The Boston Red Sox suddenly have a job opening, and they need to fill it fast.
The Red Sox and manager Alex Cora mutually agreed to part ways Tuesday after Major League Baseball implicated Cora in a major sign-stealing scandal with the 2017 Houston Astros.
Cora is expected to be banned from baseball for at least one season, and the Red Sox are still subject to an MLB investigation into their own sign-stealing operation under Cora in 2018.
In the meantime, though, new Chief Baseball Officer Chaim Bloom and his staff need to find a replacement for Cora in 2020.
We laid out some internal candidates Tuesday, including Red Sox bench coach Ron Roenicke, former catcher Jason Varitek and second baseman Dustin Pedroia.
But who could Boston bring in from outside the organization? The Athletic's Ken Rosenthal ruled out an intriguing candidate Wednesday morning in Rays bench coach Matt Quatraro, who worked with Bloom in Tampa Bay and was a finalist for the Pittsburgh Pirates' and San Francisco Giants' manager jobs this offseason.
#Rays bench coach Matt Quatraro unlikely to be a candidate for #RedSox’s managerial opening. Rays staffers who have left organization to become GMs and managers in past typically have not taken other employees with them. Some teams have rules in place to that effect.— Ken Rosenthal (@Ken_Rosenthal) January 15, 2020
Here's a look at seven other external candidates the Red Sox could hire to replace Cora:
The former Blue Jays manager had an up-and-down tenure in Toronto but has 1,581 games of managerial experience in the American League East. Gibbons stated last October he wants to return to managing after taking the 2019 season off.
A Connecticut native, Ausmus interviewed for the Red Sox manager job in 2017 before Cora won the role. He has five total years of managing experience with the Detroit Tigers and Los Angeles Angels, although he was fired in L.A. after just one season.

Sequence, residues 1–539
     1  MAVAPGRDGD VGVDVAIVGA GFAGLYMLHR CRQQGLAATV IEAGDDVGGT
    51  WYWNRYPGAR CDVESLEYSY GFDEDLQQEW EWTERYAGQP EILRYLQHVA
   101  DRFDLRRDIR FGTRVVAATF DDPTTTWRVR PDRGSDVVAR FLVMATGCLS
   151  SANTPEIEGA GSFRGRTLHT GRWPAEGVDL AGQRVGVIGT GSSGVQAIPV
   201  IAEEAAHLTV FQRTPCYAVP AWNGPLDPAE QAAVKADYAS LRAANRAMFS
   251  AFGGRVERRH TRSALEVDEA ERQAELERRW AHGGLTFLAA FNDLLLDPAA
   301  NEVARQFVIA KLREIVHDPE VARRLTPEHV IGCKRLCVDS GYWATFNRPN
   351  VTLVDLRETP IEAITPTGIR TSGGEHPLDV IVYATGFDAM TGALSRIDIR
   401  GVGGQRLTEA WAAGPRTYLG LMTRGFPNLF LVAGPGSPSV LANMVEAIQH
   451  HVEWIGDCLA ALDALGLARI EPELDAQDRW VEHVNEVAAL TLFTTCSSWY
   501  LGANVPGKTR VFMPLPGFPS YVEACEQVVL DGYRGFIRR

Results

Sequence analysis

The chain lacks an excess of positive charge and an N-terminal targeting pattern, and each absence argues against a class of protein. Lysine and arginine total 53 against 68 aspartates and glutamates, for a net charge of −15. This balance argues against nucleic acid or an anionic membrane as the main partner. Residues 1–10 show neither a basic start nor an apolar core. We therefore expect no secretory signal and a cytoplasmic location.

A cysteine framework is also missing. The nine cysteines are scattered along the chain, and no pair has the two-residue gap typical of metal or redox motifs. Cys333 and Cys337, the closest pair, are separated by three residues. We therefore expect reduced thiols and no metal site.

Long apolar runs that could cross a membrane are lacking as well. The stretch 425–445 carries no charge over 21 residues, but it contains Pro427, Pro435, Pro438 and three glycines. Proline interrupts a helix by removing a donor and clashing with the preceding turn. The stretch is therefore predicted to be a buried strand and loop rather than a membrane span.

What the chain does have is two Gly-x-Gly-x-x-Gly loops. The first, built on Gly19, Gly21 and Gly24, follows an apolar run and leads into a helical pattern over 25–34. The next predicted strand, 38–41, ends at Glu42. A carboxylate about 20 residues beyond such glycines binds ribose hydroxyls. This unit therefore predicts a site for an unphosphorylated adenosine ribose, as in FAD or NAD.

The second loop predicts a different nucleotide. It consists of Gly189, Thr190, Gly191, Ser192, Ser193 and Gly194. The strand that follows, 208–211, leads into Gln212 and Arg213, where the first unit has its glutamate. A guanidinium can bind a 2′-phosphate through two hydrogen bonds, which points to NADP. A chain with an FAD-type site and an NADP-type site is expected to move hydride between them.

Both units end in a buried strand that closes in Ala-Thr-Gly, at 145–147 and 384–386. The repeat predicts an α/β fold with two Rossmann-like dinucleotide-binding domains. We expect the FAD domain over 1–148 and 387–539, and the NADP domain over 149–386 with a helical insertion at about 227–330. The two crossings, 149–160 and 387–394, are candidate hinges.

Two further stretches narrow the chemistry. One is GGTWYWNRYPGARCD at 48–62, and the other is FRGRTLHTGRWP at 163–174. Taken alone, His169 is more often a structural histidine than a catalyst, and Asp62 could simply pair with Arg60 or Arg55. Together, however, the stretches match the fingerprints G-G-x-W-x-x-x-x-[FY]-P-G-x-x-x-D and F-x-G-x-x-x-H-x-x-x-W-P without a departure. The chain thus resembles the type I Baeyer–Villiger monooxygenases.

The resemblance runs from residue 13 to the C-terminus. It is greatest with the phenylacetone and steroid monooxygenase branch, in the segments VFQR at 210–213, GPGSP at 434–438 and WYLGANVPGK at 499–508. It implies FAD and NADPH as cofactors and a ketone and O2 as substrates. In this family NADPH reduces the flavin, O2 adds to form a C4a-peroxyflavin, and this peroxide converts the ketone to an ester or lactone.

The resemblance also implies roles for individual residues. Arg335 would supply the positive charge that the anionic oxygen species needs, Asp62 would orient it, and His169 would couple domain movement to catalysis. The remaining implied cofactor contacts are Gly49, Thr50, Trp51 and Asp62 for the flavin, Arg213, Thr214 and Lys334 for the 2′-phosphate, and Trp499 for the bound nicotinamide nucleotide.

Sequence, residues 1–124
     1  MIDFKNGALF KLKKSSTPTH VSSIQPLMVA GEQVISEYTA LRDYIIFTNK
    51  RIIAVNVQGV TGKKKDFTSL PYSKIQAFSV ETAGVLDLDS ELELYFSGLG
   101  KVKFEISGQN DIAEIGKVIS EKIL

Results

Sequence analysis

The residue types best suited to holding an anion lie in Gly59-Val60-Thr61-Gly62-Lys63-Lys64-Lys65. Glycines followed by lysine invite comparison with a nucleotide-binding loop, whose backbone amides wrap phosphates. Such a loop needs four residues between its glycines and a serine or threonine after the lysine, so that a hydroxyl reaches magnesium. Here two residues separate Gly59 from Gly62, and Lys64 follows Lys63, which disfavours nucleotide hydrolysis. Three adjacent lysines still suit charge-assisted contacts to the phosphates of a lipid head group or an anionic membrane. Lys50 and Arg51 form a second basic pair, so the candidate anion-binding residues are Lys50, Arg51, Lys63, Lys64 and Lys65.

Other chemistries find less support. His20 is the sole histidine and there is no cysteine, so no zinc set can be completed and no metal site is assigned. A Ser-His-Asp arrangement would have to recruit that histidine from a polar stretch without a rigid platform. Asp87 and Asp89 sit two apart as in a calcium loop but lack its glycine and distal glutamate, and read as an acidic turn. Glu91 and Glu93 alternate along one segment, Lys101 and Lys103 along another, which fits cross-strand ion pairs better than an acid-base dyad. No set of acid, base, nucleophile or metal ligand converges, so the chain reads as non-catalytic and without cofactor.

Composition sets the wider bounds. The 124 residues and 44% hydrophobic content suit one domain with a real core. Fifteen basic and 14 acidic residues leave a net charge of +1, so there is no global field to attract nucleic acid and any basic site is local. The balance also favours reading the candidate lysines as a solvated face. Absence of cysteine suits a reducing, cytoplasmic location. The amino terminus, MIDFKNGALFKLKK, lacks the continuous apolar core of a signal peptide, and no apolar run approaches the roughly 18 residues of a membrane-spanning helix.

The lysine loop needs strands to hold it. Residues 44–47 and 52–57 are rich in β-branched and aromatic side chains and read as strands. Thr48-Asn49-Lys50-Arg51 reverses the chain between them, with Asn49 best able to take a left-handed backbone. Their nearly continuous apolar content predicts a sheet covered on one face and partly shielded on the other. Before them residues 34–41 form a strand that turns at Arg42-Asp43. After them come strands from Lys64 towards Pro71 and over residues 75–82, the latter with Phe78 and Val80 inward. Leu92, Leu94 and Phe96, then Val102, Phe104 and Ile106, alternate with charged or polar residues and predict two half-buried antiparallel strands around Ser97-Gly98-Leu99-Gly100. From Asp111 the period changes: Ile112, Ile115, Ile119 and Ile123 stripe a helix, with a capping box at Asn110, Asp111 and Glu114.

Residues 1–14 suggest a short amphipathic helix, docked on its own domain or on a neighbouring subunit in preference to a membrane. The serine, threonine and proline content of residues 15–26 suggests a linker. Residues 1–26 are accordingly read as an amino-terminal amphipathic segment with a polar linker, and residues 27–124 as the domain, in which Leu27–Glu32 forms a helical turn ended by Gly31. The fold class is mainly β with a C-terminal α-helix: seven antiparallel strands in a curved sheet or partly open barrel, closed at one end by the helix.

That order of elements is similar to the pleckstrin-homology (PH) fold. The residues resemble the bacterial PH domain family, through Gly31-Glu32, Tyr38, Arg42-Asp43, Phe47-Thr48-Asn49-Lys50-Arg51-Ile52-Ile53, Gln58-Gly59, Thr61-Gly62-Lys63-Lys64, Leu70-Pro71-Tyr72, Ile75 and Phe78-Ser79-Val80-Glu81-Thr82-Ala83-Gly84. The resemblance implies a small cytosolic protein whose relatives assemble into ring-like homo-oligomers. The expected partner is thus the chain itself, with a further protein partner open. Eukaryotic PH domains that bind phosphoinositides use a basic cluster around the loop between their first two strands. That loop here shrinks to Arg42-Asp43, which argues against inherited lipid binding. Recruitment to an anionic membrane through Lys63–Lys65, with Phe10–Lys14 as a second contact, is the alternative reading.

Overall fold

Baker ranks 15th all-time in wins by an MLB manager and is one of the most well-respected figures in baseball. He hasn't managed since 2017 and has yet to manage an AL team, but if the Red Sox want to go the safe route, Baker would be a solid choice.
Here's where the list gets interesting. Like Varitek and Pedroia, Lowell is beloved in Boston after winning 2007 World Series MVP with the Red Sox. He has no managerial experience but currently works in media as an MLB Network analyst and could make the same transition to managing that Cora and Aaron Boone made.
Ibanez has a cushy gig as special assistant to Los Angeles Dodgers president of baseball operations Andrew Friedman. The former outfielder has interest in managing at some point, though, so perhaps the chance to compete for a championship in Boston will lure him into the coaching world.
Another former Red Sox player, Loretta served as Joe Maddon's bench coach with the Chicago Cubs last season and interviewed for the manager job that David Ross eventually won. He's a less sexy candidate than Lowell but has more experience.
The Yale graduate just landed a job as "Director of Strategic Initiatives for Baseball Operations" on Theo Epstein's Cubs staff and is one of the smartest minds in the game. He had two separate stints in Boston as a player, though, so maybe the Red Sox could entice him with the chance to work with the analytically-minded Bloom.